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In any bounded region, for large $x$, the polynomial can only take on zeros very near the negative real axis (and indeed near the non-positive integers). This follows from the work of Selberg (Note on a paper by L.G. Sathe, see Theorem 2 there) which shows that, for bounded $z$ and large $x$, $$ f(z,x) = x C(z) \frac{(\log x)^{z-1}}{\Gamma(z)} + O(x (\log x)^{z-2}), $$ with $$ C(z) = \prod_{p} \Big(1+\frac{z}{p}\Big) \Big(1-\frac 1p\Big)^z. $$ If $z$ is bounded, but not too close to a non-positive integer, then the main term above dominates the error term, and shows that $f(z,x)$ cannot be zero.

Further note that $1/\Gamma(z)$ becomes zero at the non-positive integers, and the absolutely convergent Euler product $C(z)$ can only be zero when $z$ equals the negative of a prime number. Therefore, if $-k$ is a non-positive integer with $k$ not being prime, then we see from the asymptotics that $f(z,x)$ changes sign when passing from $z=-k+\epsilon$ to $z=-k-\epsilon$ producing a real zero in this interval. If $-k$ is a non-positive integer with $k$ a prime number, then take a small circle centered at $-k$ with radius $\epsilon$. Computing the change in argument around this circle for the main term in our asymptotic, we find that there are two zeros in this small circle. Note that these zeros may not be real, but just very close to the negative real axis.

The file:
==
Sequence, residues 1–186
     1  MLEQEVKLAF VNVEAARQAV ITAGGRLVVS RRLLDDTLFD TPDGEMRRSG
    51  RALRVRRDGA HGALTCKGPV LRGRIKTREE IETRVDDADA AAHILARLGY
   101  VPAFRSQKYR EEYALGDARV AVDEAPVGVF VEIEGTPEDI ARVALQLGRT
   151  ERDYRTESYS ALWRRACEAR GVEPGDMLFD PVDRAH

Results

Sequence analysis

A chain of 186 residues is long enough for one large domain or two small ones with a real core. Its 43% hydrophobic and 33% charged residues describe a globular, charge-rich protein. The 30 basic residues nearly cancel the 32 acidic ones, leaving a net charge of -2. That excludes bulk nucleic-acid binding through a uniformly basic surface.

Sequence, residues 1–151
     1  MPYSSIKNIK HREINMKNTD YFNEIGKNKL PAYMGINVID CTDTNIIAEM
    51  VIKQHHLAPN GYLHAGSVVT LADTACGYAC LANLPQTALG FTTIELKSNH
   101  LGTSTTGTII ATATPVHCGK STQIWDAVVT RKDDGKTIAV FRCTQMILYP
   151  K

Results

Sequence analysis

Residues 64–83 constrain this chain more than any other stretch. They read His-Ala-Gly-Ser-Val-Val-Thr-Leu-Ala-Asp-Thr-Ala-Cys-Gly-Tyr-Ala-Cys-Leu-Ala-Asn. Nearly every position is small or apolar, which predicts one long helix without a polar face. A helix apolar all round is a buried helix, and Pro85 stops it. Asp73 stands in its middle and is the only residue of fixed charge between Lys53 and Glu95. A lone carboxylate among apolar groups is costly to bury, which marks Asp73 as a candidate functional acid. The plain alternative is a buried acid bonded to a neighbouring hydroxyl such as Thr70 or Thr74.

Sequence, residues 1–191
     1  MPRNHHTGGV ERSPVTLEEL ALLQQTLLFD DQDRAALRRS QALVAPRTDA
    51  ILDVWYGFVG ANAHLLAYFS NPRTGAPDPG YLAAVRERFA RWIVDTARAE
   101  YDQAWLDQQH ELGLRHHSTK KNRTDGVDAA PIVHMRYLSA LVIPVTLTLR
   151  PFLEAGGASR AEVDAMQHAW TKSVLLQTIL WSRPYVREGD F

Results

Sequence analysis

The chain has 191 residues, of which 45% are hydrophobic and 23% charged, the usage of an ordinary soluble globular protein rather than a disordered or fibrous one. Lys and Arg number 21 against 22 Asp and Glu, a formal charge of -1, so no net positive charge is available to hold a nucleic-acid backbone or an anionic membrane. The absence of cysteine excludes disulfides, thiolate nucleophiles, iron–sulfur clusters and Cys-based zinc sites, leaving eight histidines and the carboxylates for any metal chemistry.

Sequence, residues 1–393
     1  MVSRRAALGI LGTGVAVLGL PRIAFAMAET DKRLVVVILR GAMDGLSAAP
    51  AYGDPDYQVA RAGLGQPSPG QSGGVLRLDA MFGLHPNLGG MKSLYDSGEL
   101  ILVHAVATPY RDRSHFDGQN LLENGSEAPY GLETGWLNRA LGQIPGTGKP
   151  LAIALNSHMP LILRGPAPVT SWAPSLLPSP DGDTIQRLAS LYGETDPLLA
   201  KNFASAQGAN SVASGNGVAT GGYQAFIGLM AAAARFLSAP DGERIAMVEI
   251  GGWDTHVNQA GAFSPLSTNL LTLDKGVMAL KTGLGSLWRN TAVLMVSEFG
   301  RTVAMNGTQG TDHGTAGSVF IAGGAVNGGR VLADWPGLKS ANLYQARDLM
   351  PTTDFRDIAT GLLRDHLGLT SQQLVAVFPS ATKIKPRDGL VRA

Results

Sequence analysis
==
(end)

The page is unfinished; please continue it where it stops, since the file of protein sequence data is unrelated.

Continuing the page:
Of course this asymptotic does not explain why all the zeros of the polynomial should have negative real part. I don't quite see why that holds; perhaps somewhat relevant to this would be the unimodality of the integers below $x$ with $k$ prime factors (see the work of Balazard establishing a conjecture of Erdos).

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  • $\begingroup$ Those results of Selberg and Deligne are incredible. I'd forgotten about them until you pointed out your observations here, which are in this new sense quite incredible too. I don't have copies of the papers at present but can you explain why this forces those roots in a bounded domain to be real for sufficiently large x? In answer to your question, non-real zeros do occur quite often in the range I've observed, but that doesn't count for much-the degree is still at most six. $\endgroup$ – Kevin Smith Feb 28 '15 at 23:44
  • $\begingroup$ The librarian of the Indian mathematical society very kindly sent me a copy of Selberg's paper. I still don't see how the roots must be real for fixed $z$ and sufficiently large $x$. Would you explain why this is so please? $\endgroup$ – Kevin Smith Mar 4 '15 at 12:19
  • $\begingroup$ @KevinSmith: I added some clarifications to the answer. $\endgroup$ – Lucia Mar 5 '15 at 5:30
  • $\begingroup$ Thank you. I guess that the key to proving this is then finding enough control over the error term w.r.t the degree. $\endgroup$ – Kevin Smith Mar 5 '15 at 11:57
  • $\begingroup$ Thank you. I guess that the key to proving this is then finding enough control over the error term w.r.t the degree. $\endgroup$ – Kevin Smith Mar 5 '15 at 11:57